Alibaba’s Hema grocery stores are changing retail | CNBC Reports

Updated : Oct 12, 2019 in Articles

Alibaba’s Hema grocery stores are changing retail | CNBC Reports


I’m in Shanghai visiting Alibaba’s new
retail concept store. The name? Hema. Not only is the tech titan
expanding into offline retail, but this location is the first with
its own robot restaurant too. Robots are actually delivering,
pretty much, all the food. That’s where I’ll end up at after
the shopping experience. The Hema store is growing rapidly in
China, opening 65 locations in one year. There’s three pillars to its strategy:
serving as a place to shop in person, a distribution center for online
orders and the restaurant. It’s hoping to define what the
future of retail will look like. While I’m checking this out,
I might as well grab a basket. Let’s see what interests me. The first thing I notice is the pricing system. Every price
tag has a barcode, in which you can use the Hema app to scan the barcode and see the price of the item
online. You can also see reviews of that product. What’s also fascinating is that even though
these price tags look like they were printouts, it’s a special technology that can
change the price in real-time. And that’s not all. It even tells you when it was delivered
to the store and where it came from. You can even see a scan of a government
certificate proving, for instance, if it was organic. It also shows delivery options if
you decide not to buy it in store. I just saw a lady who works for the store
and she was fulfilling an online order. So using her scanner, she had a
bag, she would pick the products. And then what was really crazy, is instead of walking
across the store to get it where it needs to go, she put it on a conveyer belt, which then took it to the
ceiling, to the back area, where it will go out for delivery. So essentially now you’re talking about not only
a retail store, but also a distribution center. And if you live within three
kilometers of a Hema store, you can have delivery of your
groceries within 30 minutes. You see a lot of employees walking
around the store, fulfilling orders. I understand how it can maximize
efficiency of sourcing, but it creates a somewhat chaotic experience too,
when you have a lot of people running around. A lot of sample stations
throughout the store. It’s like a Costco. Sample
stations everywhere. At one point you ask yourself,
why even come to the store then? If everything is online and it’s such an easy
experience to just order from an app. Well one reason Chinese consumers
prefer to come in store is for seafood. It’s very important for the Chinese consumer to see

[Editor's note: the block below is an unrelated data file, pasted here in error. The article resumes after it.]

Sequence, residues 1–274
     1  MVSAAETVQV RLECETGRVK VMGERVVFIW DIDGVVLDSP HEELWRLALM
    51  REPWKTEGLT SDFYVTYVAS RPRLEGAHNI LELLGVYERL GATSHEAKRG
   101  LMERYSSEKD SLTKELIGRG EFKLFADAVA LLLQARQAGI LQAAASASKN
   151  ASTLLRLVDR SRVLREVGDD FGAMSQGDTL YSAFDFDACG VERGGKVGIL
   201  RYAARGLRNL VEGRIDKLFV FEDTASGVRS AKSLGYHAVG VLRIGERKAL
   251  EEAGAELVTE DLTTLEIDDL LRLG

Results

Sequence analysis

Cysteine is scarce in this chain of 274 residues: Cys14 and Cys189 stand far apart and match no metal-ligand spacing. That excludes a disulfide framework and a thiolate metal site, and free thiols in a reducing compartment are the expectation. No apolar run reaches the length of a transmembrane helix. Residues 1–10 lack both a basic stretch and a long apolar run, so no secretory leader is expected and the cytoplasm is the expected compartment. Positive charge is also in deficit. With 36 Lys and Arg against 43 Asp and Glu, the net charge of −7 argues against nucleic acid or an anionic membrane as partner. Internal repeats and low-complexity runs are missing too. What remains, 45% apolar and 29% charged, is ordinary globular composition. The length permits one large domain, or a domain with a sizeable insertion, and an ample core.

firsthand their seafood, to make sure it’s fresh. Alright, so I picked two items
that I’m going to check out with. One of them is bananas, and the other one is
these Lays potato chips, Italian red meat flavor. Why not try something new? There’s literally no traditional
cashier at this grocery store. It’s not like you have an option between
a cashier and self-checkout. So if you’re looking for that human
interaction, go somewhere else. Using the Hema app, which
is connected to Alipay, consumers swipe their phone in front of
this scanner, and that’s pretty much it. There’s also the option to
pay using your face, too. And now, let me try those chips. It’s actually a very subtle taste.
It’s not too strong, surprisingly. Now, it’s time to try the robot restaurant. To get a table here, you can check in at
a kiosk, you guessed it, using the app. It’s connected to your identity, your name, everything
you’ve bought in the past, and of course, your wallet. From there, you get assigned a table. Once you’re
assigned a table, you scan the barcode at the table. And then from there, you can just start
placing your order on the Hema app. So you’re not waiting for anyone to come take
your order. There’s no pen or paper, any of that. In fact, you really have no
interaction with a staff member. And then from there, the
robots deliver your food. And you’ve already paid,
all within the same app. Alibaba leveraged its existing technology
from the e-commerce automated warehouses to power these new robot restaurants. It’s really an entire ecosystem of robots that are working
together pretty well. I have yet to see a collision. Even the tablet at the
table, in a way, is obsolete. The only thing the tablet can really do is entertain you.
There’s games, which your phone probably has. You can call for a server if you
need, you can use the tablet for that. And then there’s also a demo of
how the robots work as well. The robots can’t handle
everything though. For complicated dishes, like soups,
that’ll require a human server.

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